I remember emailing him at one stage when I was going on holiday to see if he’d be interested in writing something for ProBlogger and he said no because he was just focusing upon writing for his own blog at that time. A few months later he was open to writing a guest post again.

I’ve never talked to Leo about this strategy but it strikes me that he must have worked really hard for a month or two before his burst of guest posting to either produce all those guest posts or have a backlog of posts to publish on his own blog and then he must have switched into ‘promotion mode’ and let it all loose.

The key though was that it was for a defined period before he got back to serving the readers he’d attracted.

I saw him do these bursts of promotion several times over a couple of years in which he built himself an amazing audience and real momentum. At this point he didn’t need to guest post so much (if at all) but his established audience began to promote him through word of mouth.

My Final Advice for Steve

There are a couple of things that I think we as bloggers always need to pay attention to – these being publishing regular high quality content on our blogs and looking after the readers we already have (community).

These activities are like a baseline. Take the focus off these at any point and your blog is likely to suffer fairly quickly.

Promoting a blog is something you should also have some baseline activities and rhythm around. For example sharing new content to social media (whether through automation or manually doing it) is good practice.

However I do think there are times where it’s probably well worth having a burst of concerted promotional effort to grow your blog.

Whether it be through guest posting, reaching out to mainstream media, attending/speaking at events or even paying for advertising – a burst of intentional promotional activity for a defined period can have some real benefits.

Giving it a ‘burst’ means that you’re able to plan for it and hopefully the baseline activities don’t suffer too much. Also by giving it a burst you can potentially get that ‘she’s everywhere’ effect that gets on people’s radar.

What’s Your Advice to Steve?

I’d LOVE to hear your advice for Steve on how to keep this balance between promotional activity and paying attention to the rest of your blogging right.

Over to you!

What to Do BEFORE You Launch A Product On Your Blog

Over the last 5 years there has been a shift in the way that many bloggers try to monetise their blogs.

Rather than relying upon advertising and working with brands to make money – many have started to develop their own products to sell directly to readers (whether it be by selling virtual products or physical ones).

There are many reasons why selling your own product is a good thing to do. No longer will you be sending people away from your site – but they’ll be staying with you. You can also ensure that the quality of what you’re selling is high and you end up taking 100% of the profits of sale – not just a small part of it for the traffic you send.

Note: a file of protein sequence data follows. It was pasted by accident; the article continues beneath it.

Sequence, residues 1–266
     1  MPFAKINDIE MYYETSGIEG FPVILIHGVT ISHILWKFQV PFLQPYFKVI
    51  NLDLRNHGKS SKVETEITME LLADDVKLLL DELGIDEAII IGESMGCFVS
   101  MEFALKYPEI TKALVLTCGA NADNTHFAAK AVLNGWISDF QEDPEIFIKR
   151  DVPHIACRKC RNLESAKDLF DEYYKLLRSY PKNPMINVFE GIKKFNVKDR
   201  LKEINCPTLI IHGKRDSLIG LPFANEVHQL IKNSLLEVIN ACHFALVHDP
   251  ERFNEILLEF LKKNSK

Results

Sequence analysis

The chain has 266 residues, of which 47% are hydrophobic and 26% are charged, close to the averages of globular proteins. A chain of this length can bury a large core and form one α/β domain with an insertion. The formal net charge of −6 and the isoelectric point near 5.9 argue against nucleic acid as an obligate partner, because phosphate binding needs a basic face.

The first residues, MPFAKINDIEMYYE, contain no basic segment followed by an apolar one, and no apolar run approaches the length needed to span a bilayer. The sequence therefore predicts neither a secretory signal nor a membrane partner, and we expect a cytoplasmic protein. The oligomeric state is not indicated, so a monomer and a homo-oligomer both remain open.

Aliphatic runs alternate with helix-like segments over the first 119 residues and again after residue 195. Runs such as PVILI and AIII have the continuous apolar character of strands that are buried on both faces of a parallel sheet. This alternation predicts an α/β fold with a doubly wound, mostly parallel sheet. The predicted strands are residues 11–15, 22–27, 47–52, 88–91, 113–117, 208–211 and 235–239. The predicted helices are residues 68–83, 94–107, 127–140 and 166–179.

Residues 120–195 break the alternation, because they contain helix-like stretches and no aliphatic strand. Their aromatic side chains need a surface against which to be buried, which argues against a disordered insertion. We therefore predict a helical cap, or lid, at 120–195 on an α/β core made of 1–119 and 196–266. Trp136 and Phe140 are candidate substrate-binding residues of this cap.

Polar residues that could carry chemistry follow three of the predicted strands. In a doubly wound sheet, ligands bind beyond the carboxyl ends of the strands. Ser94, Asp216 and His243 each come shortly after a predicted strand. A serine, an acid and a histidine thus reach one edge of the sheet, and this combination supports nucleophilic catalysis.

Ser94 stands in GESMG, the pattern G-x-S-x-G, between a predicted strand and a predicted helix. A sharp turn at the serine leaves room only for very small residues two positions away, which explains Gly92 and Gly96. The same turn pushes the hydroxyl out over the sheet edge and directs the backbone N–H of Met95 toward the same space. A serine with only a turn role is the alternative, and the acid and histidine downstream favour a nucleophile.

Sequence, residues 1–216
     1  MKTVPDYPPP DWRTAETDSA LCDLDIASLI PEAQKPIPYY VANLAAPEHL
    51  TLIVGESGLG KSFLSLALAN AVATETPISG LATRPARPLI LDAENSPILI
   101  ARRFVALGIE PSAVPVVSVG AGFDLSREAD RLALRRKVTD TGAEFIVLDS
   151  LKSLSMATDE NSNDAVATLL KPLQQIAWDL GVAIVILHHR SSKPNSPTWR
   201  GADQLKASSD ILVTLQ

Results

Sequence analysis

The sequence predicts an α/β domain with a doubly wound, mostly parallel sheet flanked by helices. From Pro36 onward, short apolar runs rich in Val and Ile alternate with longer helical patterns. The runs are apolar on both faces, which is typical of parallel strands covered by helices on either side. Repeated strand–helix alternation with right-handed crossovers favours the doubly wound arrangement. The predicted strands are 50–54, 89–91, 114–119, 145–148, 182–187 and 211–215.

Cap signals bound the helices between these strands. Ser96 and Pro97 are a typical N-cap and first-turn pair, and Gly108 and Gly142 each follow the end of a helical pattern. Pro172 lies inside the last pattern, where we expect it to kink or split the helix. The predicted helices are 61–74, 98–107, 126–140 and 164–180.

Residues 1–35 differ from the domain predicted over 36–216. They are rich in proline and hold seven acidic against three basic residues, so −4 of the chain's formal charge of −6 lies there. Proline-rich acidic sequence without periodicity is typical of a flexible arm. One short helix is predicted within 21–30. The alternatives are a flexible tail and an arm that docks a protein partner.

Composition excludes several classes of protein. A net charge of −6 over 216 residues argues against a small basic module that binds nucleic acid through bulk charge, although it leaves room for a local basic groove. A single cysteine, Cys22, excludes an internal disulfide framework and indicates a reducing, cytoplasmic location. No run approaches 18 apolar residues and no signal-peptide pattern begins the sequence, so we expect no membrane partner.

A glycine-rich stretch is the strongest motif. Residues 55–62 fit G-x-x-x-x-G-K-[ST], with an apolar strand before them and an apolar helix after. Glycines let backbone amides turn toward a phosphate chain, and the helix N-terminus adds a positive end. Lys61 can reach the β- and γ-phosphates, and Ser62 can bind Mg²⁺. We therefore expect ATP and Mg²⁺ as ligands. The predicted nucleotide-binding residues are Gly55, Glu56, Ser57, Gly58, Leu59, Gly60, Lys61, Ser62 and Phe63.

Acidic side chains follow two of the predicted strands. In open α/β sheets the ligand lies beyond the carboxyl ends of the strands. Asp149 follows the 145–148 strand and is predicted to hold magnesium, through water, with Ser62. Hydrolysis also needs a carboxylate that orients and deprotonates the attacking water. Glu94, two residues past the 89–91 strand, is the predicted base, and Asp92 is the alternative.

Of course selling products on your blog takes a lot of work – more than many bloggers realise when they dream of doing so.

If you’re thinking of creating your first product – get ready to get focused!

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For one you need to develop your product. At dPS our photography eBooks take a minimum of 3-6 months to write, edit, proof, design and launch (and we have a team working on it around the clock).

But it isn’t just a matter of creating a product. There’s a lot more that you should be working on BEFORE you launch a product that will help to ensure it is profitable.

The Sad Tale of a Blogger with a Great eBook and No Sales

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I spoke recently to an eBook author/blogger who couldn’t work out why her eBook hadn’t sold well. She’d read of the success of other eBook authors making big money with eBooks and decided to create one of her own.

She worked hard for months on producing the best eBook that she could. Her problem was that she focused so much upon creating the eBook that other things too a back seat for the months it took to produce it.

  • Rather than publishing five high-quality weekly blog posts, she slipped to being lucky to publish one mediocre one
  • Her twitter account became a ghost town
  • She stopped emailing her newsletter list
  • Her Facebook page posting dropped away
  • She stopped interacting with other bloggers in her niche

On the day she launched her eBook she did so with a fantastic product but a blog with very little engagement or reader goodwill. Her eBook barely made any sales as a result.

The Other Scenario I See the other situation I’ve seen many times are people who create products and then when they’re ready to launch start researching how to find people to buy it which results in them starting a blog, email list, social media accounts the day they want to launch their product!

Believe it or not I’ve had quite a few confused emails from people in this boat over the years!

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They end up starting out even further behind than someone with a blog that they’ve ignored to develop a product.

Having a Great Product Is Only Half Of the Profitable Product Puzzle

I’ve heard these kinds of story from bloggers many times in the last few years – in fact it is a challenge I faced in producing my own first eBooks (when I had to do it all myself).

There’s so much work involved in producing a product like an eBook – writing, editing, designing, marketing – that it is easy to let everything else slip.

The problem is that having a great product to sell is only half of the profitable product puzzle. The other half is having people ready to buy it.